The European Union Election Observation Mission (EU EOM) to Nigeria, has submitted its final report on the 2019 General Election, saying that on the overall, the elections were marked by severe operational and transparency shortcomings, electoral security problems and low turnout.
The Chief Observer of the EU EOM, Maria Arena, while presenting the report in Abuja, also said the mission concluded that the systemic failings are seen in the elections, and the relatively low levels of voter participation, showed the need for fundamental electoral reform.
“Overall, the EU EOM concluded the elections were marked by severe operational and transparency shortcomings, electoral security problems and low turnout. Positively, however, the elections were competitive, parties were able to campaign and civil society enhanced accountability. Leading parties were at fault in not reining in acts of violence and intimidation by their supporters and abuse of incumbency at federal and state levels. Except for federal radio, state media primarily served the interests of the president or governor at the state level. Journalists were subjected to harassment, and scrutiny of the electoral process was at times compromised with some independent observers being obstructed in their work, including by security agencies.
“Such reform needs political leadership that is dedicated to the rights of Nigerian citizens, and an inclusive process of national dialogue involving state institutions, parties, civil society, and the media,” the EU EOM said.
Arena also said: “This needs to be urgently undertaken to allow time for debate, legislative changes and implementation well in advance of the next elections.”
The EU also noted that 150 persons were killed during the elections, even as it said the numbers were not definitive.
But the spokesperson for the All Progressives Congress (APC) Presidential Campaign Organisation for the 2019 General Elections, Festus Keyamo, faulted the report of the EU EOM, saying that some aspects of it were vague.
“There are aspects of the report that we think are vague and are not definitive enough. For instance, if they say the results collation process was not transparent enough, I expect them to be very clear as to what they expect to happen over and above or beyond what we have in the Electoral Act presently,” Keyamo said.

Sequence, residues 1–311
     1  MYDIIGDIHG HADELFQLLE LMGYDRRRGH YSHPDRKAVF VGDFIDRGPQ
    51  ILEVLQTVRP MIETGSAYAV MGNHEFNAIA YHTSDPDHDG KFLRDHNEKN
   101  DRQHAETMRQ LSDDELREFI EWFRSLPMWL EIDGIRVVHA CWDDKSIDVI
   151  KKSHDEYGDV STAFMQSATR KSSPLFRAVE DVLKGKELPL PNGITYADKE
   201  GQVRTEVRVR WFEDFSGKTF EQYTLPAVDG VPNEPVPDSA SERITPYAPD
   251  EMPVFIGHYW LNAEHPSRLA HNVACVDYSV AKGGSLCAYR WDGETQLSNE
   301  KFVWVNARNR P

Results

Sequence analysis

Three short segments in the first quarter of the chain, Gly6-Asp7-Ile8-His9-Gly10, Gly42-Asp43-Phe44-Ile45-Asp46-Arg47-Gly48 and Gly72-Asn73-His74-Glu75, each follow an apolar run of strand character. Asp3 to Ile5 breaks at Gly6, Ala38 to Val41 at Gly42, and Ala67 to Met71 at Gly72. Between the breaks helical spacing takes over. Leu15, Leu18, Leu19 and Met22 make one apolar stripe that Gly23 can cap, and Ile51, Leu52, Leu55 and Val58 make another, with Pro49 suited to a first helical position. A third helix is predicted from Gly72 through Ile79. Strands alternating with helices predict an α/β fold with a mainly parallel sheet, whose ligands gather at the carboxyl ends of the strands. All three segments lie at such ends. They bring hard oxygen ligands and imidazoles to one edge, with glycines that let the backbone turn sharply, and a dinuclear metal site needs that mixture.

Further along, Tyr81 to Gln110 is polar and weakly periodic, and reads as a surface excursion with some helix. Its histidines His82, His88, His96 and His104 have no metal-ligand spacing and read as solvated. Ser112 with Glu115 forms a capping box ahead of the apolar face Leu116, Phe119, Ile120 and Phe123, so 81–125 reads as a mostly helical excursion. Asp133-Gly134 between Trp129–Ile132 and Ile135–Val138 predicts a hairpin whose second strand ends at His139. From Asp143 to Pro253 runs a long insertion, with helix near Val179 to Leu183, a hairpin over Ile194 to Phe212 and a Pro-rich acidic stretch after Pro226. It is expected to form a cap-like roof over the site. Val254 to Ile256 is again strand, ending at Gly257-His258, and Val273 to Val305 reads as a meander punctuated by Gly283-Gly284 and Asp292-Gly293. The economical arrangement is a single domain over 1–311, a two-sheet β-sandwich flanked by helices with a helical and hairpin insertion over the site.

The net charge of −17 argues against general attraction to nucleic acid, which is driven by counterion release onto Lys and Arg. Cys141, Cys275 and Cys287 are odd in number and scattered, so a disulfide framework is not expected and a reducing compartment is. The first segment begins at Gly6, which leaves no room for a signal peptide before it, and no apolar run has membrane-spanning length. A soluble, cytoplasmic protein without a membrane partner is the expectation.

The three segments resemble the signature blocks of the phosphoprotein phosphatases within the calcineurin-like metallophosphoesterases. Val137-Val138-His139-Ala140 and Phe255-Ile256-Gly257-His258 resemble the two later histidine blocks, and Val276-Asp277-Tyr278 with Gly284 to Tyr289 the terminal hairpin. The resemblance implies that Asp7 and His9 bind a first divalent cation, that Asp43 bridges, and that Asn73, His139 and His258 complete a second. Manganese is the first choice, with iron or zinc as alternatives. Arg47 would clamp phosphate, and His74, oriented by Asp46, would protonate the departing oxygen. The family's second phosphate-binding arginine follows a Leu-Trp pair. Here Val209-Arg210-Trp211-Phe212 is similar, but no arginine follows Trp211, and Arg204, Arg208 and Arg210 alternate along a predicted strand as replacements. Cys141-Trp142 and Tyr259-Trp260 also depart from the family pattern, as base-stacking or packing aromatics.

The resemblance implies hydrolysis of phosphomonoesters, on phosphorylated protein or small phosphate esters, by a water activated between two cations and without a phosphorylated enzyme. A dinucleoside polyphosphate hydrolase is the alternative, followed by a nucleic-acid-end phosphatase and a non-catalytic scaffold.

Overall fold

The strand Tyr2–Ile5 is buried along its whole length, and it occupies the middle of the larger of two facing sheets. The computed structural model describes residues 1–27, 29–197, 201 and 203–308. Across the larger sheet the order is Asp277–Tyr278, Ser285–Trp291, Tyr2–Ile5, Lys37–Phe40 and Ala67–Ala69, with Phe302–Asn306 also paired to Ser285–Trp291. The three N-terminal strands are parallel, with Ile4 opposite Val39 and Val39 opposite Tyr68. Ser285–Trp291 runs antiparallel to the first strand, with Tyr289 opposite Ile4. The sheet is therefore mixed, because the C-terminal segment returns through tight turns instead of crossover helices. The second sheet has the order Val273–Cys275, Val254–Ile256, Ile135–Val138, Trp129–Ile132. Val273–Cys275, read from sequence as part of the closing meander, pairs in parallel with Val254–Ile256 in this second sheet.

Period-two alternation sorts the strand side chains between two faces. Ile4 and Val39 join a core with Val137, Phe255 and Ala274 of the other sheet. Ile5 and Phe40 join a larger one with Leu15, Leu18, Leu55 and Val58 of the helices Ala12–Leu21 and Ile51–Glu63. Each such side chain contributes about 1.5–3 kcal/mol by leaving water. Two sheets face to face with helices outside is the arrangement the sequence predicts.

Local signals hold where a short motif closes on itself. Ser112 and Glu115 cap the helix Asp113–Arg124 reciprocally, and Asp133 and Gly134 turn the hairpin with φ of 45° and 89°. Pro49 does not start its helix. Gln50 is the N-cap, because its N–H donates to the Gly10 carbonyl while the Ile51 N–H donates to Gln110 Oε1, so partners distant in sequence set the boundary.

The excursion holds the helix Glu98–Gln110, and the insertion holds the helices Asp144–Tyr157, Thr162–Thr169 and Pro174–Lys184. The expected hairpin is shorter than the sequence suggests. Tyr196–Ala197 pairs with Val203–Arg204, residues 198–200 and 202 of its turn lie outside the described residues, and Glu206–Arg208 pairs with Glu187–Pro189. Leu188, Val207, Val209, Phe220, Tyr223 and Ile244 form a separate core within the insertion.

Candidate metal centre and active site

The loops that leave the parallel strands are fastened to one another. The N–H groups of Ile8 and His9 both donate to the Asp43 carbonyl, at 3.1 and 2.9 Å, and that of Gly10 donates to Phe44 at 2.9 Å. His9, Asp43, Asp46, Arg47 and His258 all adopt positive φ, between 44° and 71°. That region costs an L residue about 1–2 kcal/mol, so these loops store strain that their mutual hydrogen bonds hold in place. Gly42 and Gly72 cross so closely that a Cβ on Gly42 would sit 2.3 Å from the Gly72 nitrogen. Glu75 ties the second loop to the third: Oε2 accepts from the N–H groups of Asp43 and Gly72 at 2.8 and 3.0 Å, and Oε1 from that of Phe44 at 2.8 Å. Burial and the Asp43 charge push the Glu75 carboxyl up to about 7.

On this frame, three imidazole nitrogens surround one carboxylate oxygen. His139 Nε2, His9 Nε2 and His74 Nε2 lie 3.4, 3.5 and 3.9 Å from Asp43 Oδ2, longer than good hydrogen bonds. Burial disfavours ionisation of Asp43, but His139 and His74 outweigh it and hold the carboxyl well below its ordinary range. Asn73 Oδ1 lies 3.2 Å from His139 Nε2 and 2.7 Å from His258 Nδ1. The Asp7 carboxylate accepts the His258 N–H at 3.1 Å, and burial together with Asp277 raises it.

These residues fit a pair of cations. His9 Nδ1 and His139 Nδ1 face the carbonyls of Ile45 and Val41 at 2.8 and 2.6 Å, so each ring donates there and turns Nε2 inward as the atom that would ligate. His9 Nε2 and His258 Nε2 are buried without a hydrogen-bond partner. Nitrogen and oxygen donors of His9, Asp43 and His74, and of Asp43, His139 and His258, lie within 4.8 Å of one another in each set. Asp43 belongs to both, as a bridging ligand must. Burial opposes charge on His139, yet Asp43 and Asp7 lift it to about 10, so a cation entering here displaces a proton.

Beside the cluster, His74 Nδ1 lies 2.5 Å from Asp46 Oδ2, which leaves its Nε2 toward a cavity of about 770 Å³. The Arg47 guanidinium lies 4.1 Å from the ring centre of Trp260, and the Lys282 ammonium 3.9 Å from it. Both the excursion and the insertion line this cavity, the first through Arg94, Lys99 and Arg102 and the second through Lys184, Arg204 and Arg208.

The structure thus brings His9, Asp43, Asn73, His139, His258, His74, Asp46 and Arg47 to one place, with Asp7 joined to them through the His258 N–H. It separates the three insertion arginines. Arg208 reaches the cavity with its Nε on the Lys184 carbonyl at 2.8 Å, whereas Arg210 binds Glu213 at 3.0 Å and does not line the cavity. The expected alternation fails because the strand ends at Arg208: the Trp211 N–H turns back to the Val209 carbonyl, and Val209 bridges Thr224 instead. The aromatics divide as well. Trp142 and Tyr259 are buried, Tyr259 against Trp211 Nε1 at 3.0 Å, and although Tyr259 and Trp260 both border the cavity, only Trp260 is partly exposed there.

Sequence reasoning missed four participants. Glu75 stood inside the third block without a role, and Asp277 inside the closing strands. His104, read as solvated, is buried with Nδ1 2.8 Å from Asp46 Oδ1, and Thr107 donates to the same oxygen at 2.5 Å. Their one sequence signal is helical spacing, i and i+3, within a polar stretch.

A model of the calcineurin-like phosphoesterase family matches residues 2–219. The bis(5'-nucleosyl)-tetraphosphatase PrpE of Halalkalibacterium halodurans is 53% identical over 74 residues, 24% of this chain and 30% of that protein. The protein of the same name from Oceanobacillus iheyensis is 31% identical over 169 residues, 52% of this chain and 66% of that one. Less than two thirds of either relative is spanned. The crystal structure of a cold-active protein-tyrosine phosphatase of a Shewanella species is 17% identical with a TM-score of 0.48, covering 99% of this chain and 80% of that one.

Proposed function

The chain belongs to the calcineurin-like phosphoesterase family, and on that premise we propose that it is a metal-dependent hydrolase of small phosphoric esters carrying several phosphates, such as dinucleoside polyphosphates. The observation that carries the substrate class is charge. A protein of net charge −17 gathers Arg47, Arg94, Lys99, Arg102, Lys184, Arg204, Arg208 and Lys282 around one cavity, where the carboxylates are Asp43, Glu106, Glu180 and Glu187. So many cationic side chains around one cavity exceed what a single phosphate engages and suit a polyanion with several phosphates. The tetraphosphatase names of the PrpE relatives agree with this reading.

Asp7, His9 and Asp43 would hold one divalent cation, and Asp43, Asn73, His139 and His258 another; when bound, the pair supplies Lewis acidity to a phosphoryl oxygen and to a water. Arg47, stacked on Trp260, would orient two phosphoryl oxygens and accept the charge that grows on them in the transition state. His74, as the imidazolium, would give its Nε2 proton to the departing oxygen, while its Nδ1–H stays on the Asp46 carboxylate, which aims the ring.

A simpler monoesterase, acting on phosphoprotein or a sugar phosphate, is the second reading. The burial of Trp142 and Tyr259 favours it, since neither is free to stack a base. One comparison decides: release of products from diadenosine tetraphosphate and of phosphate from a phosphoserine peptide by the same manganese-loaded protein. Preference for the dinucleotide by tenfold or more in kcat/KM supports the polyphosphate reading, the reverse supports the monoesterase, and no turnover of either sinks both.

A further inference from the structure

Keyamo also took a swipe at the opposition regarding the publishing of results on the website of the Independent National Electoral Commission (INEC), saying that the opposition was waiting for the publishing in order to avail them the opportunity to hack the server if available.
“They know that that system collapsed in Kenya. So, we should not be quick enough to jump and follow the world when we know that technologically, we are not ripe for that yet. And for us, we knew that the opposition were only banking on that, we knew they were just banking on waiting in Abuja, hacking a server if it is available, implanting the results and declaring the winner. But it doesn’t work out that way because there must be a stage-by-stage collation of results,” Keyamo stated.
The EU EOM report came a day after INEC Chairman, Professor Mahmood Yakubu, said steps were already being taken to reform the nation’s electoral process ahead of the 2023 polls.
Yakubu stated that recommendations to be provided by the EU EOM in its report would form major inputs in the areas of reform expected to be submitted to the National Assembly.
However, the EU EOM noted that INEC worked in a difficult environment and made some improvements, such as simplifying voting procedures.
“However, considerable weaknesses remained. Operational deficiencies led to the postponement of the elections, there were insufficient checks and transparency in the results process, as well as a general lack of public communication and information,” EU EOM stated.
The EU EOM further said the elections became increasingly marred by violence and intimidation, with the role of the security agencies becoming more contentious as the process progressed.
“The EU EOM reported that this damaged the integrity of the electoral process and might deter future participation. During collation of the federal results, EU observers directly witnessed or received reports of intimidation of INEC officials in 20 states,” the EU EOM also said.
In the report, the EU EOM took note of
conflicting and late rulings on electoral disputes that undermined the opportunity for remedy and created uncertainty; the dysfunctional regulation of political finance, very few electoral offenses resulting in arrest or prosecution; problems with the collection of permanent voter cards; and the further fall in the number of women elected.
Out of the 30 recommendations the EU EOM brought forward for consideration, it said priorities should be placed on strengthening INEC procedures for the collation of results to improve integrity and confidence in electoral outcomes.
The EU EOM also called for the establishment of requirements in law for full results transparency, with data easily accessible to the public.
Parts of the recommendations are: “Considerably strengthen INEC’s organizational and operational capacity, as well as its internal communication.”